GambleAware announces funding for Gamban software

GambleAware has announced that it is to fund and implement Gamban – software designed to block access to gambling websites and apps – as part of its problem gambling treatment services.

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Gamban is a software solution for blocking access to gambling websites and apps. © Pexels.

The decision comes after an independent evaluation of software designed to block access to gambling sites was undertaken. GambleAware commissioned research firm Winning Moves to undertake the study.

The review evaluated the technical capabilities as well as any therapeutic benefits of three specialist gambling and three general solutions.

The findings are published with each solution anonymised, but the results were conclusive, with Gamban proving by far the most effective at blocking access to both licensed and unlicensed gambling services.

Based on these findings, GambleAware has decided to make Gamban software available to clients within its national gambling treatment services. Any individual referred for treatment from Gamcare, The National Problem Gambling Clinic, and the Gordon Moody Association, will be able to use Gamban for free.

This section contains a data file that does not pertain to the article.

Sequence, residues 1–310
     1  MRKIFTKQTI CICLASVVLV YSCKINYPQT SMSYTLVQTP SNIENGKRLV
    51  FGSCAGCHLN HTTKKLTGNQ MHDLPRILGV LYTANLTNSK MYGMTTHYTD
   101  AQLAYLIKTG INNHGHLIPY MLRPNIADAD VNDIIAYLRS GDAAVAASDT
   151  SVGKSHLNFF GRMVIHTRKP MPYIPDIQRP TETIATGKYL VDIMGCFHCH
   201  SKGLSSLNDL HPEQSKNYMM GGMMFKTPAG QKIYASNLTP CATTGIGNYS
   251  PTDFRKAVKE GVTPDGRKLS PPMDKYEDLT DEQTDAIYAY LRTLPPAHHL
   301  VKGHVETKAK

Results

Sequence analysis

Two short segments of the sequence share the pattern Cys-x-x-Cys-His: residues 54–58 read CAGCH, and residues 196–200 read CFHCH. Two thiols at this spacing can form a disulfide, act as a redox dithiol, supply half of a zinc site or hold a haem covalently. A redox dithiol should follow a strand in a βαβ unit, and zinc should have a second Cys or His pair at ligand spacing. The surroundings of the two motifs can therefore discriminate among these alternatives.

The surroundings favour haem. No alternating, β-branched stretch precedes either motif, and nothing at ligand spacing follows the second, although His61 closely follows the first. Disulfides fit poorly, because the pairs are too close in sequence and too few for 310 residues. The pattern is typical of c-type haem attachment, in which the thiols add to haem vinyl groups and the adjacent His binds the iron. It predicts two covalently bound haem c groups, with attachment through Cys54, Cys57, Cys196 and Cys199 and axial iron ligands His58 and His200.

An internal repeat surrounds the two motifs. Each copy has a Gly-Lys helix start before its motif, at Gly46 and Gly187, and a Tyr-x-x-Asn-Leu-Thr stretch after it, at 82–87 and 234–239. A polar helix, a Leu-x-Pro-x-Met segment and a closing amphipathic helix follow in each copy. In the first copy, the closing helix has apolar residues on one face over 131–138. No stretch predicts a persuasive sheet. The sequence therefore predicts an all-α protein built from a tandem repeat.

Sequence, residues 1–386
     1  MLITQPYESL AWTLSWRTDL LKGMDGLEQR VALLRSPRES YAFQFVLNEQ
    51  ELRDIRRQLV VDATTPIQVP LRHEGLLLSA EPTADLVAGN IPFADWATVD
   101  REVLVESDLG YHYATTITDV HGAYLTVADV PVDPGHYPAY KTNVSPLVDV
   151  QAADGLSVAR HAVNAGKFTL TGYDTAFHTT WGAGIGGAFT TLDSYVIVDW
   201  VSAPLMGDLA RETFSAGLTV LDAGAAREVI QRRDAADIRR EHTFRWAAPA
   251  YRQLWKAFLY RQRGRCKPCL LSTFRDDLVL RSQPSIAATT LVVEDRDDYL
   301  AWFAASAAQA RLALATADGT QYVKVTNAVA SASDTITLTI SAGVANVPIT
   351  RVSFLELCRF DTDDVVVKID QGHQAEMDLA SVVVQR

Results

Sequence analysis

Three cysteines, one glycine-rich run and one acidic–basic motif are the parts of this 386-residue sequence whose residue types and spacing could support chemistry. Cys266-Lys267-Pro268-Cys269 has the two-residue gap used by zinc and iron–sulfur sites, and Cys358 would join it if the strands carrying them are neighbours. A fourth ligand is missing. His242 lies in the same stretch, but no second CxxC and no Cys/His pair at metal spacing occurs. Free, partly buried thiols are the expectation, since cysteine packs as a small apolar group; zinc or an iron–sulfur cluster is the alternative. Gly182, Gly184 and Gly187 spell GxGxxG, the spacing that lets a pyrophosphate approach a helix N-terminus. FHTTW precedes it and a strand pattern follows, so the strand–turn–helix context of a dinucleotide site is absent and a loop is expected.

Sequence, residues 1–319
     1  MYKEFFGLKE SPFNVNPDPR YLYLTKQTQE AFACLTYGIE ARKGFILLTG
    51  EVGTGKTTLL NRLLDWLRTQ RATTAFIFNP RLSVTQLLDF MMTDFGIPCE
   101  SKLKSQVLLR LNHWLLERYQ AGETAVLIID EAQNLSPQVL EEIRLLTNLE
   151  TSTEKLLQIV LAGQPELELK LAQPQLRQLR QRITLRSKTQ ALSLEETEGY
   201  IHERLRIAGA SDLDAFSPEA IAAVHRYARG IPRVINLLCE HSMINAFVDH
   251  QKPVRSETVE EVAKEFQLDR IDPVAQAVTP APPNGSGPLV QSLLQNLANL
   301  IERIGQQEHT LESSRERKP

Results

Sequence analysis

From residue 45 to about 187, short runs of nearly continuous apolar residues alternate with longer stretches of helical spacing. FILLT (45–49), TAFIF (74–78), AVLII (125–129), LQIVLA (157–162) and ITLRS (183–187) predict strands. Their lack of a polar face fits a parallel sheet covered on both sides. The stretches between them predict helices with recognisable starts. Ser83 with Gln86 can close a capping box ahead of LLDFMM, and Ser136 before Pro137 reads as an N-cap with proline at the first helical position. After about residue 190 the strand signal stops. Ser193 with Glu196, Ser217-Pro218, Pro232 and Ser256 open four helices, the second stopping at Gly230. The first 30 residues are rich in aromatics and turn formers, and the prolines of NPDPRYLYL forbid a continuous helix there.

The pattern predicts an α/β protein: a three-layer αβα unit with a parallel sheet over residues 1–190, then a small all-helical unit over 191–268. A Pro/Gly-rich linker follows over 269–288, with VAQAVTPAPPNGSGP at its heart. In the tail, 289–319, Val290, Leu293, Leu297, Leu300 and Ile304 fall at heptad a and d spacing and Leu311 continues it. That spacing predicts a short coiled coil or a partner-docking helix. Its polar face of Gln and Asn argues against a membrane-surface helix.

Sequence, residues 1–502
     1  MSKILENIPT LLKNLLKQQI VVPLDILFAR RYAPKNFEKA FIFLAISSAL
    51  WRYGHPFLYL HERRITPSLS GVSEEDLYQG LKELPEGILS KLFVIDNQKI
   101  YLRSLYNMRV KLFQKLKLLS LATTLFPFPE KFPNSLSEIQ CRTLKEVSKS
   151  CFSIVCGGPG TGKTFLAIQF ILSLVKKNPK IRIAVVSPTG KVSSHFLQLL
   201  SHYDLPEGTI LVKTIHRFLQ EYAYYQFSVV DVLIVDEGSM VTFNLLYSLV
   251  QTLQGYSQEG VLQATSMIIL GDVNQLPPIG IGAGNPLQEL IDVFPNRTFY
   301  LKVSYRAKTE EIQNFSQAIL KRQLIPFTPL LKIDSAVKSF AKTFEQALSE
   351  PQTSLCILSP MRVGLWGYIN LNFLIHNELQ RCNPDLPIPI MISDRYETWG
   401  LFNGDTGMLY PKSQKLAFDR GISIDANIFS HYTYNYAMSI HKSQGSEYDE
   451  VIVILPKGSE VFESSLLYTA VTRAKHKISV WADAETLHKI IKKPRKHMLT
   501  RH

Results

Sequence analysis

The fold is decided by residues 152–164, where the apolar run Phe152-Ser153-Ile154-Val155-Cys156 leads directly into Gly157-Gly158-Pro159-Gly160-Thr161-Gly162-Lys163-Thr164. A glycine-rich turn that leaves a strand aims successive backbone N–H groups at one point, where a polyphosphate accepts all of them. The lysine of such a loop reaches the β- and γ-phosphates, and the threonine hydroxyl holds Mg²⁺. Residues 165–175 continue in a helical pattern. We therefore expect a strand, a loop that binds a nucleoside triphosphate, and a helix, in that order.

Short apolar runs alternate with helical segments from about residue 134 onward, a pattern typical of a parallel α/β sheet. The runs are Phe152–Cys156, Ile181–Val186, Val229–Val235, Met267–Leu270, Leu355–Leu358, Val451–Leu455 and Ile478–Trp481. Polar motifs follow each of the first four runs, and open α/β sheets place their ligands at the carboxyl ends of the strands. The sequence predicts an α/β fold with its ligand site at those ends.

Speaking about the move, Marc Etches, GambleAware chief executive, said:

Blocking software can be an effective tool to help those at-risk of getting into difficulties resist the ubiquitous gambling adverts and special offers that surround us these days. This report reinforces the point that such tools work best as part of a treatment package tailored to the individual rather than being effective in isolation. This evaluation gives us the confidence we needed to fund the use of this software for anyone who is referred to our treatment services.Marc Etches, GambleAware chief executive

You can read the full report at GambleAware’s website.

GambleAware publishes gambling in families report

GambleAware commissioned another research firm, Ecorys, to examine the influence of parental and familial behaviour on gambling in young people.

Among the main findings were that young people feel more in control and aware of gambling’s risks when responsible strategies are taught from parents at an early stage. Conversely, when parents lacked knowledge and understanding of gambling’s risks, it was more difficult for them to offer advice and protection.

Furthermore, young gamblers described gambling not as a social activity but as a solitary one. That meant that young people felt that they couldn’t share gambling problems with their parents and would try to deal with the issue independently.

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